“We are excited to participate with Arkansas Economic Development Commission and the Arkansas Delta WIRED (ADWIRED) region to access new opportunities for the Arkansas delta, while providing a regional approach that builds strong collaborations,” says Steve Bares, Ph.D., President and Executive Director, Memphis Bioworks® Foundation.


Special thanks to the following companies and organizations who contributed to the “Regional Strategy for Biobased Products in the Mississippi Delta”: FutureFuel Chemical Company, ProAg Services, Shoffner Research Farms, The Price Companies, Inc., Arkansas Biosciences Institute at ASU, Arkansas Farm Bureau and Arkansas State University, College of Agriculture & Technology and Winrock International.


For more information concerning the study and new economic opportunities in the Arkansas Delta, contact Jenny Ahlen, Arkansas Energy Office, (501)682-2460,




Arkansas Energy Office, Arkansas Economic Development CommissionThe Arkansas Energy Office of the Arkansas Economic Development Commission is responsible for leading the development of energy policy and administering energy-related programs in the state. 

Arkansas Delta WIRED regionThe Arkansas Delta WIRED (ADWIRED) region is a U.S. Department of Labor funded initiative that seeks to transform the economies of 17 counties in eastern Arkansas by implementing strategies which support the transportation industry, the agriculture sector, and the manufacturing industry. ADWIRED is currently funding the Center of Excellence in Renewable Energy Technology Education (CERETE) which is located on the Phillips Community College of the University of Arkansas campus in Stuttgart, Arkansas. This Center is developing renewable energy education programs that will support development of the workforce needed by the renewable energy industry. ADWIRED is also funding the Transportation Technology Center on the Mid-South Community College campus in West Memphis, Arkansas. This Center will train diesel/biodiesel technicians and renewable energy workers for Arkansas. This Center will include a state-of-the-art engine testing facility where the effect of biofuels and biolubricants on engine wear and performance can be tested.  This facility will be the only one of its kind in Arkansas. These two centers will work interactively to support both the production side and the user side of the bioproduct industry in Arkansas says, Dr. Sunny Morris, Executive Director of the Arkansas Delta WIRED region.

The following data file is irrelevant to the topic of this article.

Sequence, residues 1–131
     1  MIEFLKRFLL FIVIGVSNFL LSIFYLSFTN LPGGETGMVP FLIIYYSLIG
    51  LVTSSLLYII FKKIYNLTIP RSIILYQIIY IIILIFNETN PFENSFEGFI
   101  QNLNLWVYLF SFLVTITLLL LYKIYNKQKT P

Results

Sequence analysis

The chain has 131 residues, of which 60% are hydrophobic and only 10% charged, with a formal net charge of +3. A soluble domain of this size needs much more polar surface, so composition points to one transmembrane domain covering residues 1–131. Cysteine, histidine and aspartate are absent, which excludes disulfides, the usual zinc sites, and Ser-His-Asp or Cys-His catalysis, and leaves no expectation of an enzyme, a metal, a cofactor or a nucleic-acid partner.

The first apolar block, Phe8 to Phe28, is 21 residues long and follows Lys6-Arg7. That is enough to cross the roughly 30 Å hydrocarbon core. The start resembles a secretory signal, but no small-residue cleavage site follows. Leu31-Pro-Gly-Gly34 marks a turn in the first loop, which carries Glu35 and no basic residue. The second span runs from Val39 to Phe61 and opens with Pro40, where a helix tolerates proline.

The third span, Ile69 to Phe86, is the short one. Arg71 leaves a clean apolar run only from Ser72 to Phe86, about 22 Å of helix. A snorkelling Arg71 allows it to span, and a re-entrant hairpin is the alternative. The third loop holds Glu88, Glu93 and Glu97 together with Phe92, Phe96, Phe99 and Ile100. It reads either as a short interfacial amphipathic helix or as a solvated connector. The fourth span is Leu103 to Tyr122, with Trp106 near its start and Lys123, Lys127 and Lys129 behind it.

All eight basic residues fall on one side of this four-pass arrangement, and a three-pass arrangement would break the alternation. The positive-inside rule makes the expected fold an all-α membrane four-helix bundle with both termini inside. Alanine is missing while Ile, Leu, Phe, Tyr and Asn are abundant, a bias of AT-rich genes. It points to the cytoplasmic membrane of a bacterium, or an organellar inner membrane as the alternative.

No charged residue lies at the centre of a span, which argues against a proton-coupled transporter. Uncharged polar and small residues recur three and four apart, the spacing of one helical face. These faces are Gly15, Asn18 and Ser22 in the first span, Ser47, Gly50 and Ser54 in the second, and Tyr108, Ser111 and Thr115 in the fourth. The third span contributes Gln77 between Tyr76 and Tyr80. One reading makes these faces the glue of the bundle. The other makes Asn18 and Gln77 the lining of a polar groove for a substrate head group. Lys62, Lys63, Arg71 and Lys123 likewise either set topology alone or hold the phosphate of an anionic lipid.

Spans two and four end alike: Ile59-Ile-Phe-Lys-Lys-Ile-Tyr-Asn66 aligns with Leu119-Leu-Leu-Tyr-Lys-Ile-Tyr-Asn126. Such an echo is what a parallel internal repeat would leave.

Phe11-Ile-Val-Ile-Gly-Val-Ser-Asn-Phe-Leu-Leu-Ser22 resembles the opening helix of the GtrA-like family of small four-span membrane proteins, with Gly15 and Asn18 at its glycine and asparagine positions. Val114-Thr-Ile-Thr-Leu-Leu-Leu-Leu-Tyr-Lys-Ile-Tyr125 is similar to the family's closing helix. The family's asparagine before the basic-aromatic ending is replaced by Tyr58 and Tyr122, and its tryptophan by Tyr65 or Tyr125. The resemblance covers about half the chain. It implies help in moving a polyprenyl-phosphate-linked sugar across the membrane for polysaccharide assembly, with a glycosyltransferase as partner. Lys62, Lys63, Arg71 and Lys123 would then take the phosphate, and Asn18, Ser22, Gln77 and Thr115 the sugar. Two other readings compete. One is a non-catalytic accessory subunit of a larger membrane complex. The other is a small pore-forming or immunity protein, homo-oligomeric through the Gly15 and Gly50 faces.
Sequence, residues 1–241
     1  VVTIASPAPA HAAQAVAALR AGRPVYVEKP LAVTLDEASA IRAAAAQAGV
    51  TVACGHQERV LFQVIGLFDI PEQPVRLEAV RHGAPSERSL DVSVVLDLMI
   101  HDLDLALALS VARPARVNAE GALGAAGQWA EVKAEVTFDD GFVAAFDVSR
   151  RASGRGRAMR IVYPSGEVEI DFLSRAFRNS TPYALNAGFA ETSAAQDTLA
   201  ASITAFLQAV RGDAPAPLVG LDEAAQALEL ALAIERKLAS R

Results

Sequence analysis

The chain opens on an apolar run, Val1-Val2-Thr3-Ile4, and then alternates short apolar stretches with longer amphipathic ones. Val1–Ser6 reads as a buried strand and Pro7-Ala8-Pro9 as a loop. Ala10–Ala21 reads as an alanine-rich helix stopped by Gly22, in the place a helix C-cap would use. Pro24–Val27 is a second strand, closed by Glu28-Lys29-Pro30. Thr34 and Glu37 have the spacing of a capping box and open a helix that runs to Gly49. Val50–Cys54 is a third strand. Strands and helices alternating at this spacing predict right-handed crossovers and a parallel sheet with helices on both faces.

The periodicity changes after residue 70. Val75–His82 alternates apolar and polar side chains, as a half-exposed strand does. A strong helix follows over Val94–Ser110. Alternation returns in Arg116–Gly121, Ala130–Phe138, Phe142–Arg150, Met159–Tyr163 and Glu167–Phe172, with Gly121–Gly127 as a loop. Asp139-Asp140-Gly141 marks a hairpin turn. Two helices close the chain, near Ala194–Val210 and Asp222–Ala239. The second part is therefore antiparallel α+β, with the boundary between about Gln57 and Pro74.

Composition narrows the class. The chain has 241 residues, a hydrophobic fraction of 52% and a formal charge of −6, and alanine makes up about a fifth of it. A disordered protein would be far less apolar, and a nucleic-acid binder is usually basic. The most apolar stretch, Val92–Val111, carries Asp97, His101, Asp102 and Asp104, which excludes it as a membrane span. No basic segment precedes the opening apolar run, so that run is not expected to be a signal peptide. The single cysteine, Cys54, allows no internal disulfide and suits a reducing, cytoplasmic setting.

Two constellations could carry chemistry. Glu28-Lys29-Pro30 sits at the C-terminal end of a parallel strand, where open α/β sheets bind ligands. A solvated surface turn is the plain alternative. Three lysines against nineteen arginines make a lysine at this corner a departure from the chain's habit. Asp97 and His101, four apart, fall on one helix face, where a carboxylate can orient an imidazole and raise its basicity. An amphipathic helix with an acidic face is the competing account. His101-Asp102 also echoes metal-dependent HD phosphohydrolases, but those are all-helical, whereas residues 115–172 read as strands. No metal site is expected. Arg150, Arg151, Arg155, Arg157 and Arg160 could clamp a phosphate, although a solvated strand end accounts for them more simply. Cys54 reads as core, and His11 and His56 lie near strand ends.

Memphis Bioworks FoundationThe Memphis Bioworks Foundation is a not-for-profit organization, formed to lead the collaboration among public, private, academic and government entities to accelerate the growth of the bioscience industry in the region. Memphis Bioworks strives to leverage and expand the regional strengths in the biosciences through education, research, commercialization, and job training. Memphis Bioworks is leading the development of the UT-Baptist Research Park, which serves as the focal point of the city’s biomedical economic development. For more information, visit or

[1] Third Time Lucky; The Economist, June 4, 2009.